India has reported a gradual decline of Covid-19 cases after reporting a high number of daily new cases in September and October 2020. The general impression from rising cases in September was that the situation in India would get worse in the coming months. The seasonal effect of colder weather combined with a winding down of lockdown measures was supposed to trigger a surge in cases. But the cases have gradually declined, and the reason for this has confounded experts.
The decline in cases in India is puzzling but seems to be real as the testing positivity rate has also declined to around 2%, as shown in Figure 1. Hospitalisations and mortality are also lower than in the first wave, which lends support to the argument that cases are indeed declining in India.
There are multiple hypotheses but no concrete evidence of why India is experiencing a low number of daily new cases. Non-pharmacological intervention (NPI) could provide some of the explanation. Certainly, a mask mandate and social distancing could have a positive effect on reducing the number of daily cases. According to Genevie Fernandes, a public health researcher with the Global Health Governance Programme at the University of Edinburgh, India’s testing capacity has increased and there is greater awareness for people to follow NPIs. But on the other hand, India is a densely populated country with around 1,200 people per square mile. Social distancing is extremely difficult to follow under such circumstances. There is also speculation on favourable environmental factors; according to Daksha Shah, an epidemiologist and deputy executive health officer in India, the hot and humid climate of India is favourable in controlling the spread of the virus. But this is questionable, as other countries such as Brazil and Mexico did not seem to benefit with the similar weather. There are also suggestions that a proportion of the Indian population has innate immunity from exposure to related infections in their lives, which boost their immune response to the novel coronavirus. However, India has one distinct advantage over the European countries, which is its relatively younger population; this suggests that outcomes will be more favourable for positive cases in Indians.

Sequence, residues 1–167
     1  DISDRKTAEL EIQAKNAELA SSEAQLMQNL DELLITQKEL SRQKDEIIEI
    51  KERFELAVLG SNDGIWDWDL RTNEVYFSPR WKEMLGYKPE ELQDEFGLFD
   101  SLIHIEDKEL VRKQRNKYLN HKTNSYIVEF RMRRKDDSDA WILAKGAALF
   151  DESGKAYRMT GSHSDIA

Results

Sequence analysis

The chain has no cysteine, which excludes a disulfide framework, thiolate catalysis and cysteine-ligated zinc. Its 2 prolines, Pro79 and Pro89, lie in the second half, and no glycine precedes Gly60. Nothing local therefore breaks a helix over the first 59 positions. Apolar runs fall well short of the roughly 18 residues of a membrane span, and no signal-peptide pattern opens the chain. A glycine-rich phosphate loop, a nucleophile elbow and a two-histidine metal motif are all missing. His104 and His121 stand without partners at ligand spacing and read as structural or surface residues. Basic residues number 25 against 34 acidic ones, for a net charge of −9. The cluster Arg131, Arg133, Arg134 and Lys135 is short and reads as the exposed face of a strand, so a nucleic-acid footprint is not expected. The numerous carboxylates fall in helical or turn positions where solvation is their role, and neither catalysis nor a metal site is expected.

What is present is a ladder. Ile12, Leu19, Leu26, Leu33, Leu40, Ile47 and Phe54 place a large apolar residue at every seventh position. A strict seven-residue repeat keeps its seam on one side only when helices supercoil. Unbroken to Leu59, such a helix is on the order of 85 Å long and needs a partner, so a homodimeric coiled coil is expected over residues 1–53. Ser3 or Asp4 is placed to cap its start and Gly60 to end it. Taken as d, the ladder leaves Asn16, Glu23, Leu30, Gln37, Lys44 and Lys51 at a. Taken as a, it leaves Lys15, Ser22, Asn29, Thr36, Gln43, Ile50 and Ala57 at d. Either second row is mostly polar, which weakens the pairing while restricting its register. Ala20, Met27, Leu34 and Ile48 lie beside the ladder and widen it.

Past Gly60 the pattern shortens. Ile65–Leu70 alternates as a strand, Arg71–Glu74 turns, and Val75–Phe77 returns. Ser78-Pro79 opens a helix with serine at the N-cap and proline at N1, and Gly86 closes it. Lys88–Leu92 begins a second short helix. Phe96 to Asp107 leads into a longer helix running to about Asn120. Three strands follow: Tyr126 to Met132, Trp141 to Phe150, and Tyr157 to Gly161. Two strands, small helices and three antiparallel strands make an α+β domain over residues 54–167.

In India, the current rate of new cases is 10 new cases per one million population, in marked contrast to the US rate of 370 cases per one million population. This is astounding as, until recently, experts were predicting that India will overtake the US as the most heavily affected country in the world. However, India should not be complacent as the viral mutations in South Africa, Brazil, and the UK are causing alarm around the world. These mutations allow the virus to be more contagious and may cause vaccines to be less effective. India should remain vigilant and continue to implement proactive public health measures to prevent the spread of these new variants in their country.
Figure 1: Covid-19 Daily New Cases and Testing Positivity Rate, India, 1 April 2020–3 February 2021.